Lateral weight-shifting, side-bending, and thoracic abduction – pushing your shoulders to one side without bending the spine laterally – are the hallmark movements of the frontal plane. The primary muscles in these movements are the internal and external obliques at the rib cage and the adductors at the hips.

Inch Worm Toe Touch

Inchworms combine sagittal and frontal plane muscles into an integrated exercise for the upper and lower body.

  1. Start from a push-up position – ribs pulled down and back, like you're trying to tuck the bottom of your rib cage into the side pockets of your pants. Keep your back slightly rounded throughout.
  2. Push the floor away with your left hand as you reach your right hand across your body toward your left foot, shifting your center of gravity to the left side.
  3. Exhale as you reach to get the air out of your lungs, allowing for a deeper reach.
  4. Alternate sides.

Oblique Hip Lift

Walking and running involve both forward propulsion and shifting our center of gravity from side to side as we transition weight from one foot to the other. To do this effectively requires the coordinated action of our obliques and adductors to keep our center of gravity over our base of support.

  1. Start on your left side in a traditional side plank position. Your top leg should be slightly in front of your bottom leg. Your left side should be shorter – as measured from hip to armpit – than your right.
  2. Bring your left knee and right elbow together in a cross-body crunch action. Inhale to drive air into your upper back and right side.
  3. Exhale and bring the knee and elbow back to the start.
  4. Repeat on the other side.

Cable Chop with Weight Shift

Chops and lifts are an easy way to introduce force vectors into the frontal and transverse planes. Here, we take a traditional cable chop and concentrate the load in the frontal plane by adding a lateral weight shift, stacking the shoulders and hips over one foot.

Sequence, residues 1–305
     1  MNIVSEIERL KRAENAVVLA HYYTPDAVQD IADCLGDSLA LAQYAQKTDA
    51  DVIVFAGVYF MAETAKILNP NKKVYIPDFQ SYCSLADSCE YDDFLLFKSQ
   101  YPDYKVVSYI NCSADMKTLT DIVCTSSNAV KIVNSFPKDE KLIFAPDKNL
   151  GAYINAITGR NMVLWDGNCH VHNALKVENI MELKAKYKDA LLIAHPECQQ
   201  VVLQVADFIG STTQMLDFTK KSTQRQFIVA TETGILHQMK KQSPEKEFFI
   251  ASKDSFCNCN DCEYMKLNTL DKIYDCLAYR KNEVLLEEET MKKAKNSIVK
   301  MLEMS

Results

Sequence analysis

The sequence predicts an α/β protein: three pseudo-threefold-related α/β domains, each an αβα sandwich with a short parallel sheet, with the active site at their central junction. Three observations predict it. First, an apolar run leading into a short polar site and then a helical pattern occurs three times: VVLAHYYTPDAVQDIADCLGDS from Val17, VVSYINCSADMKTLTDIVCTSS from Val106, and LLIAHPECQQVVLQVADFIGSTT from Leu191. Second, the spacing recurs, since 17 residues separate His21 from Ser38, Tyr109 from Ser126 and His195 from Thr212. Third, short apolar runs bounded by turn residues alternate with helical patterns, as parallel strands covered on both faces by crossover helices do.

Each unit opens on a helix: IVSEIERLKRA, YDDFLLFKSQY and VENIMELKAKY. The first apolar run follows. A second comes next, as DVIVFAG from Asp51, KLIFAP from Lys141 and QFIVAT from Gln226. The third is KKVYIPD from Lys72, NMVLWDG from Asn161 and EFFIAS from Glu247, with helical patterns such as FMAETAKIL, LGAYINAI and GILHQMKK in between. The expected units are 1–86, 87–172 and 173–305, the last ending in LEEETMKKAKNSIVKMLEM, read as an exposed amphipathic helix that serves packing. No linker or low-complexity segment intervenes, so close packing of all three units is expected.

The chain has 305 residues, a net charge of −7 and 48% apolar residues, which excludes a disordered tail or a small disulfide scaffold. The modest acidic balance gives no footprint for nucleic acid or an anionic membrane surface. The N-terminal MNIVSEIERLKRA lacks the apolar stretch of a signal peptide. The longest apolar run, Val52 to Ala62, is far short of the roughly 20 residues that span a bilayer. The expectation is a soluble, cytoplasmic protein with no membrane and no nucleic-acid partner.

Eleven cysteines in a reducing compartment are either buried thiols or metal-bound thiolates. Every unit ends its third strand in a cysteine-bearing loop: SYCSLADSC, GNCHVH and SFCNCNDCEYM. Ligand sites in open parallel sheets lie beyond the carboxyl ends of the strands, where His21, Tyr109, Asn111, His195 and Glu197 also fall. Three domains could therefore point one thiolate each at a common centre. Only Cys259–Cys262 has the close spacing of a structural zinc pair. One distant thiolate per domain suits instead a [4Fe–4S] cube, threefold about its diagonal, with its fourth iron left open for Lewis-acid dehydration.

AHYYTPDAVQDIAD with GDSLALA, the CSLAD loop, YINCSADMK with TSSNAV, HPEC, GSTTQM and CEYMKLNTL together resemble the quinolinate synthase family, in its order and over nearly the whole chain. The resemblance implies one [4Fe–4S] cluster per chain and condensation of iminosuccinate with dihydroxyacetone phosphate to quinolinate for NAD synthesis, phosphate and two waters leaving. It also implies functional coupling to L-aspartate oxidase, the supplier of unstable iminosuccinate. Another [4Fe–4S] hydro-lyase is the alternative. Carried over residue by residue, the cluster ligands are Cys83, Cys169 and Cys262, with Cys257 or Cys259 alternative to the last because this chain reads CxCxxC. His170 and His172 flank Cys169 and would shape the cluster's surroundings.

1. Grab a rope attachment in both hands and shift all of your weight onto your right foot.
  2. Exhale and pull the cable across your body as you transition weight from the right foot to the left.
  3. End with your center of gravity over the left foot.
  4. Repeat on the other side.

Transverse plane exercises build rotational competency for throwing, punching, reaching, swinging, and pulling with one arm. This happens through a combination of internal and external obliques, turning the rib cage to one side or the other with the glutes rotating the pelvis in the same direction.

Quarter Turkish Get-Up with Bridge

Get-ups are a great way to integrate shoulder, rib, and hip mechanics in a single move, but you don't always need to do the full exercise. Adding the angled hip bridge from the elbow-supported position allows you to keep the focus on your abs while pulling the nearside glutes into the equation for extension and external rotation.

  1. Lie on the ground with a kettlebell in your right hand and your right foot flat on the ground.
  2. Reach and roll up and across your body, keeping your right arm perpendicular to the ground, transitioning your bodyweight to the left elbow and forearm.
  3. Drive your right foot into the ground and rotate your knee outward as you lift your hips off the ground.
  4. Repeat on the other side.

Landmine Rotations

The landmine is a great tool for loading rotational movements in a way that medicine balls or bodyweight exercises can't.

  1. Grab the end of the barbell with both hands. Keep your arms straight and your feet shoulder-width apart.
  2. Lower the weight toward your right hip as you rotate your hips in the same direction.
  3. Push the weight back to the middle, repeating the process in reverse on the other side.
Adam Vogel is the founder of Pure Performance Training, where he combines science and individualization to help people look better, improve athleticism, and eliminate chronic pain. Adam has coached professional athletes from the New England Patriots, Atlanta Thrashers, and New England Revolution.

Follow on Instagram